Climbing mechanisms as a central trait to understand the ecology of lianas across the tropics

Arildo S. Dias*, Rafael S. Oliveira, Fernando R. Martins, Frans Bongers, Niels P.R. Anten, Frank J. Sterck

*Corresponding author for this work

Research output: Contribution to journalArticleAcademicpeer-review


Aims: Lianas are a central component of tropical forests. However, how the type of climbing mechanisms is related to the functional and taxonomic diversity of lianas across the tropics, remains largely unresolved. Here, we tested two main hypotheses: (i) the functional diversity of lianas differs with climbing mechanism (active and passive) and (ii) the association between taxonomic diversity with contemporary climate, paleoclimate, forest structure and phylogeny differ between climbing mechanisms. Location: Tropical forests. Time Period: Present. Major Taxa Studied: Terrestrial plants. Methods: We assembled functional traits and the type of climbing mechanism for 702 liana species and used the World Checklist of Vascular Plants (WCVP v.2.0) to standardize species names, map geographical distribution and estimate taxonomic richness. We used kernel density n-dimensional hypervolume to estimate the functional diversity of each type of climbing mechanism. We compared the environmental response of taxonomic richness of each type of climbing mechanism, active and passive, to the response of overall liana species richness. We assessed the magnitude and direction of the environmental response considering variables of climate, soil fertility and forest structure. Results: We found that active climbing exhibits a higher functional richness than passive climbing. Richness patterns of active and passive climbing mechanisms were mainly driven by contemporary climate, paleoclimate and phylogenetic relatedness. More importantly, paleoclimate was negatively associated with active climbing and positively associated with passive climbing. Main Conclusions: Our study highlights differences in functional diversity (richness, dispersion, evenness and originality) between active and passive climbing species, likely reflecting their distinct ecological strategies for resource use, stress tolerance and dispersal. Integrating taxonomic and functional diversity metrics with information about the type of climbing mechanism provides deeper insights into the ecology and response of lianas to climate change.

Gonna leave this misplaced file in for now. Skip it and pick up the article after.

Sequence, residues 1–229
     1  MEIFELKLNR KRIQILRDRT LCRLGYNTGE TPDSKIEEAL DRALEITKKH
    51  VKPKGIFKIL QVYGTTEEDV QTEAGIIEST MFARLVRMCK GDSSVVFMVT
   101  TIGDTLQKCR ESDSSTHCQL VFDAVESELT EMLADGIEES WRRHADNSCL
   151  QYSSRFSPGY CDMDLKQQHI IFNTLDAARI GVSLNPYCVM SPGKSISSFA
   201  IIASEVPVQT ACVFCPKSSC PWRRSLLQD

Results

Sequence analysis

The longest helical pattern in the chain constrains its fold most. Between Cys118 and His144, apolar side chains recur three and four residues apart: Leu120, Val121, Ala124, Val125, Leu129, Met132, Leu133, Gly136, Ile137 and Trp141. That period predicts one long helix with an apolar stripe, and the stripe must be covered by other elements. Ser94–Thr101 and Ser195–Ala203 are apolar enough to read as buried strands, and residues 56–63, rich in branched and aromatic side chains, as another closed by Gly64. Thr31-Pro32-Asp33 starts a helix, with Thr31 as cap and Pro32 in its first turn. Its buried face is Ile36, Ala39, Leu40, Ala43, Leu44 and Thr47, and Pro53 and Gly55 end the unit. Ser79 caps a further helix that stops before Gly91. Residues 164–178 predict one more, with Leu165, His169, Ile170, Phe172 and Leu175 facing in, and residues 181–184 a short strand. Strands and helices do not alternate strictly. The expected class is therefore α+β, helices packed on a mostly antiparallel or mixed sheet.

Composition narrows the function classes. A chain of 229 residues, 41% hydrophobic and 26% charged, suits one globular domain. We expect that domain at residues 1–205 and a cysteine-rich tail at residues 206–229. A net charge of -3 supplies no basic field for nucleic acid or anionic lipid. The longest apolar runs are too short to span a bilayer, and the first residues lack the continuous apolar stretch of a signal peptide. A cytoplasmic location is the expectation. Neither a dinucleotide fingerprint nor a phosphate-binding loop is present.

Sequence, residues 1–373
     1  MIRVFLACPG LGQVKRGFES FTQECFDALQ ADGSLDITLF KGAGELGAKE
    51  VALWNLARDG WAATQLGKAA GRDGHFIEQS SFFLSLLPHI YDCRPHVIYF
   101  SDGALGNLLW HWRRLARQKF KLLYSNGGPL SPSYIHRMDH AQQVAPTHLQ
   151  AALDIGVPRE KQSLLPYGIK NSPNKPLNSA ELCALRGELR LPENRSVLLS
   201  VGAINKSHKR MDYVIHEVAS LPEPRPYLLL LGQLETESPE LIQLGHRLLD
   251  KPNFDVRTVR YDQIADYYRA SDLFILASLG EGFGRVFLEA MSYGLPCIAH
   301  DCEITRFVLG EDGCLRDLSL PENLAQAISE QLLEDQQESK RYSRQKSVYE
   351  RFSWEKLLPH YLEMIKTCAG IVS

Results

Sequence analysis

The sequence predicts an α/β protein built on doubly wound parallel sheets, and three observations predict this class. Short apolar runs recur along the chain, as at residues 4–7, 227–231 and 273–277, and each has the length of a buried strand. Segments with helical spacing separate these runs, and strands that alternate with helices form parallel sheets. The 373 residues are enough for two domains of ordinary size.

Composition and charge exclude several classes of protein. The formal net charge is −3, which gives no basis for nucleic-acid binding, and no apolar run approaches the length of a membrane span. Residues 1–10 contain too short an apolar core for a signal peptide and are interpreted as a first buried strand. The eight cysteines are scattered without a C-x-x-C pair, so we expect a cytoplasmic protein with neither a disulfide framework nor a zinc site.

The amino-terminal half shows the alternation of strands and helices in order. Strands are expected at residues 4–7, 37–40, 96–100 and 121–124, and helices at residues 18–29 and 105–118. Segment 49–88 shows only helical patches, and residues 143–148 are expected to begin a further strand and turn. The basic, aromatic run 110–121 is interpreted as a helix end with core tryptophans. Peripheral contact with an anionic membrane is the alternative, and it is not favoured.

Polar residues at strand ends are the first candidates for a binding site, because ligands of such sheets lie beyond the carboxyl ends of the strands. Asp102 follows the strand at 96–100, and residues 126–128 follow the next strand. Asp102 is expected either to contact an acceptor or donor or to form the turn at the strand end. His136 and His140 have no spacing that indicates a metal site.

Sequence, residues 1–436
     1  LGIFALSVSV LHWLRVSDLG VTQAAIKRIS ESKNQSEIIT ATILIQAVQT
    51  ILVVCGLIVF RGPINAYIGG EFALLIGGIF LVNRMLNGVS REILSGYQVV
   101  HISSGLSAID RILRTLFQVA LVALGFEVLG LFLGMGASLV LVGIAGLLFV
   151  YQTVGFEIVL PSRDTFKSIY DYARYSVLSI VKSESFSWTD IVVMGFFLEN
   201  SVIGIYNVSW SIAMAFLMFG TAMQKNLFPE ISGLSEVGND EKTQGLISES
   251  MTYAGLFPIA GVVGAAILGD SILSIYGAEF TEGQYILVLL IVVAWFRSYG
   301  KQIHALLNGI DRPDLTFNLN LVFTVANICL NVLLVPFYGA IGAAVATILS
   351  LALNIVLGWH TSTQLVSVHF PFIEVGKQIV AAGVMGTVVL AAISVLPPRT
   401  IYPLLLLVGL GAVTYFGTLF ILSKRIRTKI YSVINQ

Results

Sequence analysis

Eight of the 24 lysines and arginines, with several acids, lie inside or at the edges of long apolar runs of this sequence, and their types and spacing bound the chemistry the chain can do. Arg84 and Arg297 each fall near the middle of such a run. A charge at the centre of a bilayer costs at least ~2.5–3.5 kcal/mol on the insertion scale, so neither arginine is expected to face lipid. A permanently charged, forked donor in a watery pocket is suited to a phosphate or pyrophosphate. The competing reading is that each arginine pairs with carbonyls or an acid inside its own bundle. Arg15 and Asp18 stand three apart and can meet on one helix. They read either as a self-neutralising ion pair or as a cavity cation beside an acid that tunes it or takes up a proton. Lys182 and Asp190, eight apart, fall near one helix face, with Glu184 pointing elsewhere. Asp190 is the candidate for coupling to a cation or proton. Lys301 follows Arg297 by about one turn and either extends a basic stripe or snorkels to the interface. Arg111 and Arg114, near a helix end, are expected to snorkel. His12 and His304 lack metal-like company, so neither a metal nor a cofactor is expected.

Original languageEnglish
Article numbere13846
JournalGlobal Ecology and Biogeography
Issue number7
Early online date12 Apr 2024
Publication statusPublished - 2024


  • biodiversity
  • climate change
  • functional traits
  • liana ecology
  • plant life history
  • tropical forests


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